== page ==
An earl's pleasingly domestic country house in the Scottish Borders

Eildon Hall, a 19th-century house belonging to the Buccleuch family, has long been cherished for its relaxed conviviality. Now, current custodians Walter and Elizabeth Dalkeith, with designer Olivia Emery, have retained its charmingly domestic feel, but with a considered contemporary twist
Image may contain Living Room Room Indoors Furniture Couch Interior Design and Fireplace
Paul Massey

Adding a pair of double doors between the entrance hall and the drawing room on the ground floor was perhaps the most controversial change, but one that hugely improved the flow of the house. ‘It was a big thing to get consent from Historic Environment Scotland for, but it does feel as if it should have always been this way,’ explains Elizabeth. Off the entrance hall, a former service corridor that eventually leads to the kitchen, became a smart boot room.

Joinery designed by Olivia is painted in Benjamin Moore’s ‘Newburg Green’

Paul Massey

Creating a house that could stand up to the rigours of family life was key to Walter and Elizabeth’s vision, as was bringing in a contemporary twist. Since the Fifties decoration scheme was very much of its time, Elizabeth explains, they felt ‘liberated to decorate it in a way that is appropriate for now’. Other than the cornices, chimneypieces – a couple of which were moved from Dalkeith Palace, a former Buccleuch residence, after the First World War – and a chinoiserie wallpaper in the dining room thought to have been installed in the mid 19th century, there was little else to preserve decoratively.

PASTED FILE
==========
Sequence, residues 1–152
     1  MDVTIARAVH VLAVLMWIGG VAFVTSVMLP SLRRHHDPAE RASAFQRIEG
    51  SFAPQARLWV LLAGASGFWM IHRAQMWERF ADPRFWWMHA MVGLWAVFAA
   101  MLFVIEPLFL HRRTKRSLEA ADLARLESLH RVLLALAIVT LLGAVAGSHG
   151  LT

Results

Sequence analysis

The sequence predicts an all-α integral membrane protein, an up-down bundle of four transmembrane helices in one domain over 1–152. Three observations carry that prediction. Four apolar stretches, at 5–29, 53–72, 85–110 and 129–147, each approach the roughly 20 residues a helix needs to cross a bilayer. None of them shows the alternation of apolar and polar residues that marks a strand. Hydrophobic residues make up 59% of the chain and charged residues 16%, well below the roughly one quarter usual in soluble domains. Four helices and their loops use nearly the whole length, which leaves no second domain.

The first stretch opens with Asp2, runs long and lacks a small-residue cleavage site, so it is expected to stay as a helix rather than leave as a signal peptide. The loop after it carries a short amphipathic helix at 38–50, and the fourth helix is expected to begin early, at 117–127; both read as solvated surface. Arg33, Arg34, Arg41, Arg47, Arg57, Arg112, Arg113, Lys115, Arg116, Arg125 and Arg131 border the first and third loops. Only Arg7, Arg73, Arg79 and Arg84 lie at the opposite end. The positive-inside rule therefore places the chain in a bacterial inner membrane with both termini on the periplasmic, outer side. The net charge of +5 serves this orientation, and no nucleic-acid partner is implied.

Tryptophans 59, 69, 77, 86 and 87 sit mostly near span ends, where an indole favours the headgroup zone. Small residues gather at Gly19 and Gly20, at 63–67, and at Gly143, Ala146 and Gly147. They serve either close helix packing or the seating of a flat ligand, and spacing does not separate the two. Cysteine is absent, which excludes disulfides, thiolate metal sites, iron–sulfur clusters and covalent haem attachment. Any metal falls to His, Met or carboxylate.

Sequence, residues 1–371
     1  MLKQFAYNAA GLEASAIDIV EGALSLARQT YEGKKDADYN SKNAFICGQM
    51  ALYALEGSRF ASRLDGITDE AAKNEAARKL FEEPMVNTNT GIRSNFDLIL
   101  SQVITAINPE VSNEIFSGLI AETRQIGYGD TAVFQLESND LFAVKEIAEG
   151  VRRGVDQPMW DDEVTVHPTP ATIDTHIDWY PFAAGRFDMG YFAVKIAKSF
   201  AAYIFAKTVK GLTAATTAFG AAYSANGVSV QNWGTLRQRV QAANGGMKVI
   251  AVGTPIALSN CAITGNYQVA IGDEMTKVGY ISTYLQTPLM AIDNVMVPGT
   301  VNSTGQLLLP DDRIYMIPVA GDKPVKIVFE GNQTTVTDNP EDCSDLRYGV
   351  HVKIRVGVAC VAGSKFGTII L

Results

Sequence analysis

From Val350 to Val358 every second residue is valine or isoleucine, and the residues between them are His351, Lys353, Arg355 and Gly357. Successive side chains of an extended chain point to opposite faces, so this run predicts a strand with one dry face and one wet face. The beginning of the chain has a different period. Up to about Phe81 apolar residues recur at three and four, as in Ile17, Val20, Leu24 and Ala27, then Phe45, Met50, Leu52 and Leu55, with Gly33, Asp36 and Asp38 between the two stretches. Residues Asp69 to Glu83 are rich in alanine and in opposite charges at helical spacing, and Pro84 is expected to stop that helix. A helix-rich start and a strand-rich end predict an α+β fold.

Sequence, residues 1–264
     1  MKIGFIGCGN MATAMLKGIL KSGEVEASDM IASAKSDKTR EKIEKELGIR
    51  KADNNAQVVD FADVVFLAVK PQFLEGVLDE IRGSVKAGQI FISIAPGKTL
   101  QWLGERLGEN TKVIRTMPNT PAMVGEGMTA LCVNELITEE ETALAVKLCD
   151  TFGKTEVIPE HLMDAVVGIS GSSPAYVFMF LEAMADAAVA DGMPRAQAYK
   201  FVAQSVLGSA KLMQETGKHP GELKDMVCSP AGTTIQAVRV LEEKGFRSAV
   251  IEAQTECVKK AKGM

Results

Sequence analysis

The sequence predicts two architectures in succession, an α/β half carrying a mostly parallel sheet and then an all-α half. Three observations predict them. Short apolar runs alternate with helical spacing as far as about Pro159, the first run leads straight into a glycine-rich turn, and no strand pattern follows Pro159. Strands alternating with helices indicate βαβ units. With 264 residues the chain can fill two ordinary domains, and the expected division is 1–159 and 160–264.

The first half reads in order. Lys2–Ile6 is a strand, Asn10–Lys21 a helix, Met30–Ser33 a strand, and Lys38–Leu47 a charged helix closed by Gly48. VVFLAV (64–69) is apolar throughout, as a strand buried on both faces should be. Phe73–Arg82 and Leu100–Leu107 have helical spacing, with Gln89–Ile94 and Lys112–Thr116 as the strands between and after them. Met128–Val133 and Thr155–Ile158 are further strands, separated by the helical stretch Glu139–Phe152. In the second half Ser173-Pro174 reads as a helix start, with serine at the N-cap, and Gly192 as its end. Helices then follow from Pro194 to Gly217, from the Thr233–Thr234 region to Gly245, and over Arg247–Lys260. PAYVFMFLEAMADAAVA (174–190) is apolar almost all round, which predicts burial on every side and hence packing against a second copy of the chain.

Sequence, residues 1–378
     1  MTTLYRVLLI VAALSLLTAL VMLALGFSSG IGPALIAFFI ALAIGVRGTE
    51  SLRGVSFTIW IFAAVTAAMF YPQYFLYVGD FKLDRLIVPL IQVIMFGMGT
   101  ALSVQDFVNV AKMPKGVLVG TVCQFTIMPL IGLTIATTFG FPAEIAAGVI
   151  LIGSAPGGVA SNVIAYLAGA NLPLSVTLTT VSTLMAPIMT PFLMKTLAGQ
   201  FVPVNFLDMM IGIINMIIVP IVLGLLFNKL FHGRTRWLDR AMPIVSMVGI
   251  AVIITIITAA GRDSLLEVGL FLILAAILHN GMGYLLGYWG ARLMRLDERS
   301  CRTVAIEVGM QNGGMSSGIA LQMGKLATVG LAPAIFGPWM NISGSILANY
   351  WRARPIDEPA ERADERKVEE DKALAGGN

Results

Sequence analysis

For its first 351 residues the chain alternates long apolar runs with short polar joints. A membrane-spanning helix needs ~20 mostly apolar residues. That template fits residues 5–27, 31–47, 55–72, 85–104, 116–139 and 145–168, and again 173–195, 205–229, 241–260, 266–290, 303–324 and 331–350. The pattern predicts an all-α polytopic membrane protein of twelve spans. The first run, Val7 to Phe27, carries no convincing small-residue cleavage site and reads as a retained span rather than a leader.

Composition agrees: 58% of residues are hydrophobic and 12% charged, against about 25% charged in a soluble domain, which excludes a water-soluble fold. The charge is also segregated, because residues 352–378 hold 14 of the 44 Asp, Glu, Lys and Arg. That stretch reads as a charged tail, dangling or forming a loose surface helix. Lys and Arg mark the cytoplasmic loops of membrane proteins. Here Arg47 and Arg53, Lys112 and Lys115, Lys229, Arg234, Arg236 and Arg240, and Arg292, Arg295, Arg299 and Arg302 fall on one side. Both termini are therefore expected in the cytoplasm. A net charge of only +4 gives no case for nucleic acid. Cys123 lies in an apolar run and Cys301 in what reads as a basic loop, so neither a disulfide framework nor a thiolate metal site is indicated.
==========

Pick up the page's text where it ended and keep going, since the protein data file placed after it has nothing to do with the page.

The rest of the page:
‘It felt a bit like a jigsaw puzzle,’ says Olivia, whose starting point was to comb through the furniture and art the Buccleuch family had in storage. Other pieces, including throws and rugs, came from their lifestyle store, Restoration Yard, in Dalkeith Country Park near Edinburgh. ‘It was a case of respecting the 19th-century architecture and choosing new contemporary pieces that would slot in to create a harmonious whole,’ she adds. The dining room required the most exacting approach. Though a vast table original to the house remained in place, she explains that ‘we had to choose pieces that would distract from the fact that the wallpaper had rather a lot of fire damage’. A giltwood mirror, found in storage, does a good job of this and is balanced by a pair of bespoke chinoiserie-inspired cabinets and a contemporary blue Julian Chichester sideboard.

A chair in ‘Mughal Marigold’ linen by Bombay Sprout is next to a Chelsea Textiles ‘Demi-Lune Table’. Fritz Fryer’s ‘Hereford Globe Pendant Lights’ hang from the ceiling in Farrow & Ball’s ‘Babouche

Paul Massey

Blue, in fact, is at the heart of the jigsaw. Olivia painted all the doors in Benjamin Moore’s ‘Newburg Green’, which ties in with the spectrum of blues throughout the house, from blue units in the DeVol kitchen to the blue cornicing in the first floor hallway and the top-to-toe blue bathroom leading off it. Elizabeth and Walter decided early on to opt for soothing blues and pale pinks for the interconnected drawing room and library, which Olivia complemented with clean-lined sofas from David Seyfried in subtle plains.

There are punchier tones, too – egg-yolk-yellow ceilings on the first-floor landing and spare-room walls in Farrow & Ball’s ‘Sudbury Yellow’, which ties in with a playful frieze around the top of the room, added in the early 20th century. Equally joyful is the Scalamandré wallpaper in Elizabeth’s study, where zebras prance across the walls. ‘Though one of the smallest rooms, it is my favourite,’ she admits.

Quite clearly, every inch of this house is to be enjoyed. And as the children run up and down the hall, it is obvious that its ‘charmingly domestic air’ is set to remain.

Olivia Emery is a member of The List by House & Garden, our essential directory of design professionals. Visit The List by House & Garden here.

Restoration Yard: | Walter Dalkeith: | Olivia Emery: